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MEMPHIS, Tenn. — Mayor Jim Strickland plans to spend more money in his first budget — $9 million more. However, he said it won’t cost you anything extra and he doesn’t plan to raise taxes because he said there’s an increase in revenue.

He hopes to take a chunk of that money and put it into public safety like giving police officers and firefighters raises.

The mayor took the podium Tuesday afternoon in front of the City Council and went over his proposed $667 million budget.

He wants to put $54 million into the pension to get up the city’s ARC required by state law. He also wants to spend $6 million to repave streets.

The mayor’s plan also includes an additional $7.5 million for MATA.

MATA has previously said they needed millions of dollars just to stay operational.

Back in February, MLGW President Ron Garrison said he needed $12 million to help his crumbling system, but after the presentation, he was positive about the proposal.

“This is a good, solid budget for MATA, and there’s a lot we can do with it,” said Garrison.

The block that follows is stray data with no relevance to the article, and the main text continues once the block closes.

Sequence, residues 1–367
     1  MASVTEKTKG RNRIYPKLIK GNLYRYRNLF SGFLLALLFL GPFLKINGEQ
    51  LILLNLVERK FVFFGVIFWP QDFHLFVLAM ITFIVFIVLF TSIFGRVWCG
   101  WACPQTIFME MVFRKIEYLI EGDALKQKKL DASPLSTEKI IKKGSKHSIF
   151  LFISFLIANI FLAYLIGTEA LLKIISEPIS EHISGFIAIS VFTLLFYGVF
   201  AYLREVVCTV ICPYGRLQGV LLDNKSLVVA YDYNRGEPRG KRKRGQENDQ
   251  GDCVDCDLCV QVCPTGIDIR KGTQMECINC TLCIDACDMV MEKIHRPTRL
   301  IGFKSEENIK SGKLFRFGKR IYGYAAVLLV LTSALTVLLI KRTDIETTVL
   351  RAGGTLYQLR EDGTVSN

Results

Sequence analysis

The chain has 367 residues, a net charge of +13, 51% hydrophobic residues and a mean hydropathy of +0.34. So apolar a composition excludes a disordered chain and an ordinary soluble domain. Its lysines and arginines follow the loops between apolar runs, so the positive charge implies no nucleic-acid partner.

Garrison was emphatic the numbers proposed by Strickland are good. He said over the last few months he’s worked closely with Strickland’s office to figure out how to increase funding by getting money from other sources as well. $2.5 million has been proposed for MATA operating funds and $5 million for capital funding, which Garrison said will go toward buses, which are desperately needed.

“The buses  — that’s 100 percent local. So that means we can buy like 11/12 buses, that’s a huge home run. We don’t have to wait for federal money to go with it.”

Garrison said MATA needs to rebuild, and this is a solid start.

Advocates for riders think MATA should get more money.

“It’s a start but still a long ways off,” said Sammie Hunter.

They’re happy more money could go to buses but want more operating dollars, and they’re going to keep having their voices heard.

“Fight to let them know we’re not satisfied, but we can deal with it for a moment so we’re just gonna keep pushin’,” said Cynthia Bailey.

Advocates said they plan to meet with council members to hopefully convince them they need more money.

Council will start their discussions a week from today. They have until June to approve a budget.

Strickland told us he expects them to make changes but hopes they work with him as well.